Climate change affects agriculture by destroying harvests and reducing agricultural productivity. Research on impact of climate change on agriculture and food security is important, especially in the agricultural economies not only to know the severity of impact but also the policies to be adapted to halt climate change and the technology to be used to mitigate the impact of climate change. Individuals living in rural areas in poor countries are also disproportionately affected by climate change because they are more dependent on natural resources and the environment for their livelihood (World Bank, 2011). Climate change and global warming reduces economic growth and slows economic activity. Global warming affects agriculture in two ways. Firstly, it destroys agricultural harvests and secondly, it affects on agricultural productivity permanently (Dell, et.al, 2012).

World Bank (1986) defined food security as “access by all people at all times to sufficient food for an active and healthy life”. Naiken (2003) defined undernourishment as that part of the distribution lying below a minimum energy requirement level. Mauro, et.al. (2006) identified five indicators for measuring food security. The first indicator was “undernourishment”, which was also adapted by FAO. The second indicator was “food intake”, which measures the amount of food actually consumed at the individual or household level. The third indicator was “nutritional status”, which considers dietary deficiencies. The fourth indicator was “access to food”, which considers wealth status measured by total consumption or income. Income as access-to-food was the main food security indicator. Lastly, “vulnerability” indicator, which expresses ex-ante vulnerability and ex-post outcomes.

Table 1 shows the global share of greenhouse gas emissions by country.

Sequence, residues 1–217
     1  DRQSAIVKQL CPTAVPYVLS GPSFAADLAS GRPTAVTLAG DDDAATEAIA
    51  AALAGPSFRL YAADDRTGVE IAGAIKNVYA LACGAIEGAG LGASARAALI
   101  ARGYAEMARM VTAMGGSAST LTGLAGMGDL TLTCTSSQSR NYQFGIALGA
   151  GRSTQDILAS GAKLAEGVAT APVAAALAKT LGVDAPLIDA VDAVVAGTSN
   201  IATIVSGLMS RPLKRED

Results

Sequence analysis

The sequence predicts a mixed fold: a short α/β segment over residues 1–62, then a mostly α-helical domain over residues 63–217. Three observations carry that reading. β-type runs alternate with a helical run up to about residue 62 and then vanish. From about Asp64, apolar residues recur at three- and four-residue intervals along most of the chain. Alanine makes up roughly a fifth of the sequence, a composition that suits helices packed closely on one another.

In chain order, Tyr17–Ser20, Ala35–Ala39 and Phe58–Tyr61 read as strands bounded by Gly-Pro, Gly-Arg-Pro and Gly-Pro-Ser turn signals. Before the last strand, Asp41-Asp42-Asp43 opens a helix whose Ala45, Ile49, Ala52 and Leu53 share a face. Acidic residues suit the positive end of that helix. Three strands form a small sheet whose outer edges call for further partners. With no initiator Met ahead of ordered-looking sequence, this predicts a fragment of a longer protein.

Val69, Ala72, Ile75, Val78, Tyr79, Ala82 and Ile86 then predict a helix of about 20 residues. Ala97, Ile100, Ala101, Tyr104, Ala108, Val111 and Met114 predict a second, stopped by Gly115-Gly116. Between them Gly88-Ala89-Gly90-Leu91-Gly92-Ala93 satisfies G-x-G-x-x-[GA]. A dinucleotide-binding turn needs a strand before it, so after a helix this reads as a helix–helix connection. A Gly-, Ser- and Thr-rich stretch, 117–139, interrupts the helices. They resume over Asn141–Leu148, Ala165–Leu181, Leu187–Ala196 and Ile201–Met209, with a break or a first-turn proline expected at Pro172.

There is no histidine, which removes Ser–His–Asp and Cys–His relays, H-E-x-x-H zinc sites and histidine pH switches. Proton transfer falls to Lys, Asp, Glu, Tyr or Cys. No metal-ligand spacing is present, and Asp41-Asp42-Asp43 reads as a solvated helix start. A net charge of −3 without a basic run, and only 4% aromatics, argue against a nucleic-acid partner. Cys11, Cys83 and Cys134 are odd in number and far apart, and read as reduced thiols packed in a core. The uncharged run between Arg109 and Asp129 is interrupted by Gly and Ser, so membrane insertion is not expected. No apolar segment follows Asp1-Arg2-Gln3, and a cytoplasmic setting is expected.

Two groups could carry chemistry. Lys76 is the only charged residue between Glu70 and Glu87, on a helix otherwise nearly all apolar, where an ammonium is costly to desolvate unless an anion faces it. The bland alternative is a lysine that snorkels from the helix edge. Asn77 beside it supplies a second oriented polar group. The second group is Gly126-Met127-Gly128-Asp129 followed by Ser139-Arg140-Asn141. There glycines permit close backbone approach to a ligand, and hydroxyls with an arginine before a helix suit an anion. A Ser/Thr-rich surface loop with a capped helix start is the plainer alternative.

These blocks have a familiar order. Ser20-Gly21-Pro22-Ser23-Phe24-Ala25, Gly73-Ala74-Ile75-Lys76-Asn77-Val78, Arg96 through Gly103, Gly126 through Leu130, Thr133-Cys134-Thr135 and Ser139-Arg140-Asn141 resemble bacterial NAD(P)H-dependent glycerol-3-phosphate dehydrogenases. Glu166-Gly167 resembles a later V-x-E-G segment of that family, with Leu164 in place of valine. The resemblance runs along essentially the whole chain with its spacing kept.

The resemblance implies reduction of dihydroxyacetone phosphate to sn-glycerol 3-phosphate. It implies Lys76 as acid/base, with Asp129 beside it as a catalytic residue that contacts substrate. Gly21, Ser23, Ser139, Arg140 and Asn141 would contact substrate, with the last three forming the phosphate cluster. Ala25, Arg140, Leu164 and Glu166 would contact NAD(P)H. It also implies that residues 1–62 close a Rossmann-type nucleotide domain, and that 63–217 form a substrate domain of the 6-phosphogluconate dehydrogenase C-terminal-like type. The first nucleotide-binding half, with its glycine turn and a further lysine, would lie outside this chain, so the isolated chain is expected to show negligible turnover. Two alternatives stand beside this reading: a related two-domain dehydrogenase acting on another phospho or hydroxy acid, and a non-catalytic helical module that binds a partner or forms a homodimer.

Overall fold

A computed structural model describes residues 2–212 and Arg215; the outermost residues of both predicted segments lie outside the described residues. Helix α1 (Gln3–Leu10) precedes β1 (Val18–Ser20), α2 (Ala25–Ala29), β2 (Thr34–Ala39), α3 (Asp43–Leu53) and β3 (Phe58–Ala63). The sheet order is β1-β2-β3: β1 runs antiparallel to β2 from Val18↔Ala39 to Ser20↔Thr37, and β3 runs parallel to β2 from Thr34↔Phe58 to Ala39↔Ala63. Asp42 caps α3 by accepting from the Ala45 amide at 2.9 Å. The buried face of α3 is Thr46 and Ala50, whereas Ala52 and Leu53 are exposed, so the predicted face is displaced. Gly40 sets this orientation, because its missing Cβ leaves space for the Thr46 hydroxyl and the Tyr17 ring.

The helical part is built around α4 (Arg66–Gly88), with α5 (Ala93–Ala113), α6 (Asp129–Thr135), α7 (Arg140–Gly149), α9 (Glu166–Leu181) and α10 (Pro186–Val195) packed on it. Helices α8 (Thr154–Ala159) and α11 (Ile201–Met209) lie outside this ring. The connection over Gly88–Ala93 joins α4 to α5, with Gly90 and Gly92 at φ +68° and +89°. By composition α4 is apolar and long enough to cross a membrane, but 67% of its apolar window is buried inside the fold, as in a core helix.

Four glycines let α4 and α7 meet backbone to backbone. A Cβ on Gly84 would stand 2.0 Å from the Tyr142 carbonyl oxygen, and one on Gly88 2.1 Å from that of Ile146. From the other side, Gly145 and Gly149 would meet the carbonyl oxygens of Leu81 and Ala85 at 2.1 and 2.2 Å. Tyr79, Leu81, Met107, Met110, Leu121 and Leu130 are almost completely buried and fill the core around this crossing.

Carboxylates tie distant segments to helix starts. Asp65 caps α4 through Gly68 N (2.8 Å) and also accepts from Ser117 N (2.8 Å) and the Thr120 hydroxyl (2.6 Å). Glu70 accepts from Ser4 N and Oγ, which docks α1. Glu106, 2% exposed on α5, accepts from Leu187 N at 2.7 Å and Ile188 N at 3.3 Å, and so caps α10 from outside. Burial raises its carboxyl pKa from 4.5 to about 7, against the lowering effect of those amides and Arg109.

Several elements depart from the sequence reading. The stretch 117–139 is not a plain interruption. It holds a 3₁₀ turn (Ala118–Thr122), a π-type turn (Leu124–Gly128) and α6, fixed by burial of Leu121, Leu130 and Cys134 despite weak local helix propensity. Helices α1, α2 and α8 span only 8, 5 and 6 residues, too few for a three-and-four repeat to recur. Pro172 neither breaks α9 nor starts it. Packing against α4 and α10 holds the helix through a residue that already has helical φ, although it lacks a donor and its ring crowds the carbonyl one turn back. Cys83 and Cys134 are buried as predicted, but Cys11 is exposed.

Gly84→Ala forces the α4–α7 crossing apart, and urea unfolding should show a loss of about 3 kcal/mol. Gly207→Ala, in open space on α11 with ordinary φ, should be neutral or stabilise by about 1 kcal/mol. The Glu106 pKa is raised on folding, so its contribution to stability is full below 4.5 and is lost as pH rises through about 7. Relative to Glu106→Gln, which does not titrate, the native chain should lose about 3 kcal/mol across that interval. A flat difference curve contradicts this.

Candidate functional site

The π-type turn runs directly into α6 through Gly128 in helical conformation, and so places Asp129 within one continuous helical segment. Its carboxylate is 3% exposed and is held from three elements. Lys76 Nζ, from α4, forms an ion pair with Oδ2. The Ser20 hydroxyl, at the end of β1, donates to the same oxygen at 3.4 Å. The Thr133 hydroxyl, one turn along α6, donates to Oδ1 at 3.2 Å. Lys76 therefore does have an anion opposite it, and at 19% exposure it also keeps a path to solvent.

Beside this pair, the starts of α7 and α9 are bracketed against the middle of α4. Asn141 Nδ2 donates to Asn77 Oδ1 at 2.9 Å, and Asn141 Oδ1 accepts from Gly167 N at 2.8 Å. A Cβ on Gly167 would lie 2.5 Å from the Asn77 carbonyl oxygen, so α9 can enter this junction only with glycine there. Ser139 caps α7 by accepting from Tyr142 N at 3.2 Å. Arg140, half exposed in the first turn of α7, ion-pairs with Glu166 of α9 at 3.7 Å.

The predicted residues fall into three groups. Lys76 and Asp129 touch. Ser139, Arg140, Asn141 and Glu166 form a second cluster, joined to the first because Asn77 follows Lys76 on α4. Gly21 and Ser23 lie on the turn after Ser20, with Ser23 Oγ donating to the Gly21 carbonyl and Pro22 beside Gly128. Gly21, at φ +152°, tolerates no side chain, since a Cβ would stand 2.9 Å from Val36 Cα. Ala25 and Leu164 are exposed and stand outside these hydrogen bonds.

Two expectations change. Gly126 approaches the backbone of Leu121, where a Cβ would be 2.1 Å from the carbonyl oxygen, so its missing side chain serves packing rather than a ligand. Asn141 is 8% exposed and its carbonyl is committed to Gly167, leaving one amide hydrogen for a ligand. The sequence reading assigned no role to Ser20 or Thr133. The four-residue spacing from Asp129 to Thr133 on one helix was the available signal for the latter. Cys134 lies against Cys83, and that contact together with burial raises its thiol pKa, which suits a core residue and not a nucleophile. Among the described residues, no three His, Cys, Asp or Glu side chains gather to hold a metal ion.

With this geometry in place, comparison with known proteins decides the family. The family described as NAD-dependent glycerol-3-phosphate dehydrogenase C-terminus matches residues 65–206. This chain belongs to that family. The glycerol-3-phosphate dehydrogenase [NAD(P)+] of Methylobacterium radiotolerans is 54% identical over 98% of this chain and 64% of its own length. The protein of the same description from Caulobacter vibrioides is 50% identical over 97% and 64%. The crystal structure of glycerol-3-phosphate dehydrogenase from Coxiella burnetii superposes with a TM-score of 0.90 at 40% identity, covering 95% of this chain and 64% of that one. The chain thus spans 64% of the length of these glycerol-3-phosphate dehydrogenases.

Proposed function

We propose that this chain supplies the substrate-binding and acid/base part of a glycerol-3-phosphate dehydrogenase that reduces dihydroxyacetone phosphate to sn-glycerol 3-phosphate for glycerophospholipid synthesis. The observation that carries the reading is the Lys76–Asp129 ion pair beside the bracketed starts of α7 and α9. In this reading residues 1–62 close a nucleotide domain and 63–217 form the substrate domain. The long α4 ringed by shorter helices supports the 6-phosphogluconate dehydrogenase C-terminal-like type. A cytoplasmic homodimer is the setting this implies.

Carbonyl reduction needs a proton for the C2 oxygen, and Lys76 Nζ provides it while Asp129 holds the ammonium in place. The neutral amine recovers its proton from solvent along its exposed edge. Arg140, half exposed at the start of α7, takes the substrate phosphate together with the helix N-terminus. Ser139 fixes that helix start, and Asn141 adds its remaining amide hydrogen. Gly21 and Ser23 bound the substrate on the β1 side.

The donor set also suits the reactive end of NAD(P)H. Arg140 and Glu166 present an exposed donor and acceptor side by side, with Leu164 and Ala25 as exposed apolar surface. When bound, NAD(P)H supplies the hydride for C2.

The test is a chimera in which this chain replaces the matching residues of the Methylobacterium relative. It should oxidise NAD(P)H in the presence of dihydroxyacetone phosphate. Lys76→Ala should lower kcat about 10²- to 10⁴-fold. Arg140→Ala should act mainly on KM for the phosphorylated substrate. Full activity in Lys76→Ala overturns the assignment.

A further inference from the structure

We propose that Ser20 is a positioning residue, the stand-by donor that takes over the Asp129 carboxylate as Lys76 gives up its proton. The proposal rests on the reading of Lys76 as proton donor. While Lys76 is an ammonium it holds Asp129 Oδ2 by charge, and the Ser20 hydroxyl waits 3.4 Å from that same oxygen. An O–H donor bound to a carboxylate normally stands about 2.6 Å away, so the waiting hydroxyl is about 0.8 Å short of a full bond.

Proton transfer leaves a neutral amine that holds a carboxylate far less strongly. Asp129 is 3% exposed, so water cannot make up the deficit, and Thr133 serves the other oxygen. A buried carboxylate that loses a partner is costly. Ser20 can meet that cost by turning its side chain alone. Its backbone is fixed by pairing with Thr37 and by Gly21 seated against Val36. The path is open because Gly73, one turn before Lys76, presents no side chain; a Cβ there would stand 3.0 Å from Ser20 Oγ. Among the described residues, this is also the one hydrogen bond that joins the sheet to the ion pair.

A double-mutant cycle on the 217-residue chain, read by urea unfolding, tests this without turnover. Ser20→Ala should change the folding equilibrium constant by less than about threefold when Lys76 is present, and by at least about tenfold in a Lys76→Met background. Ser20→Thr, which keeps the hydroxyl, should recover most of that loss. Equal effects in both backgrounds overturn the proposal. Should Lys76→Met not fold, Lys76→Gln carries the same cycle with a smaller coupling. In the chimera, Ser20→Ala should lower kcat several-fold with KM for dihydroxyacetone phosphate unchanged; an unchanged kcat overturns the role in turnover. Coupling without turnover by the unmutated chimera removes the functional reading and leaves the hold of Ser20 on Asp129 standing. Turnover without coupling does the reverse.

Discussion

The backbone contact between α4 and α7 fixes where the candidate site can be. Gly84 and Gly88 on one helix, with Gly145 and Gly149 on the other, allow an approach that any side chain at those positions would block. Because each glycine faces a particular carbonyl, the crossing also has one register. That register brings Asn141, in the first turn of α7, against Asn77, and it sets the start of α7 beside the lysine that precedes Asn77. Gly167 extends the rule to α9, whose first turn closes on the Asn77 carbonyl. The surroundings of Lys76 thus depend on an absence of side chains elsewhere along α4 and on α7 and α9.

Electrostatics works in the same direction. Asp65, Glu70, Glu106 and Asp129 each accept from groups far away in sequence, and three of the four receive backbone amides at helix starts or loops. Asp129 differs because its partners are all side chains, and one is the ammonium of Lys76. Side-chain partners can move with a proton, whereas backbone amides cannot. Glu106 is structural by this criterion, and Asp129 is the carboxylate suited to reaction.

Table 1.
Global share of greenhouse gas emissions by country
CountryShare of GlobalCO2/Population (tco2 per Capita)CO2/GDP PPP (kg co2 per Current International $)GDP per Capita (Current ppp)
China28%6.650.5512,196
United States16%16.180.3152,980
India6%1.490.285,418
Russian Federation5%10.750.4325,033
Japan4%9.700.2736,223
Germany2%9.420.2143,887
Korea2%11.390.3433,089
Canada2%15.250.3543,033
Islamic Republic of Iran2%6.790.4216,067
Saudi Arabia1%16.390.3152,993
Total share (10 top countries)67%

Source: (IMF, 2015).

Key Terms in this Chapter

Natural Causes of Climate Change: Changes in Earth’s orbit, in the amount of energy coming from the sun and volcanic eruptions.

Food Security: Food security is measured in terms of eating food three times a day by the family members and number of days of food shortage in a week.

Climate Change: Changes in the patterns of overall climate of the earth (i.e., changes in the earth’s average temperature and precipitation patterns).

Human Causes of Climate Change: The combustion of fossil fuels like coal, oil, and natural gas whose burning releases greenhouse gases such as carbon dioxide in to the air.

Impact on Livestock: The impact of climate change is measured in terms of sickness of animals and the amount spent on their treatment.

Impact on Agricultural Production: The impact on agricultural production is measured on the basis of production of maize before climate change and after climate change.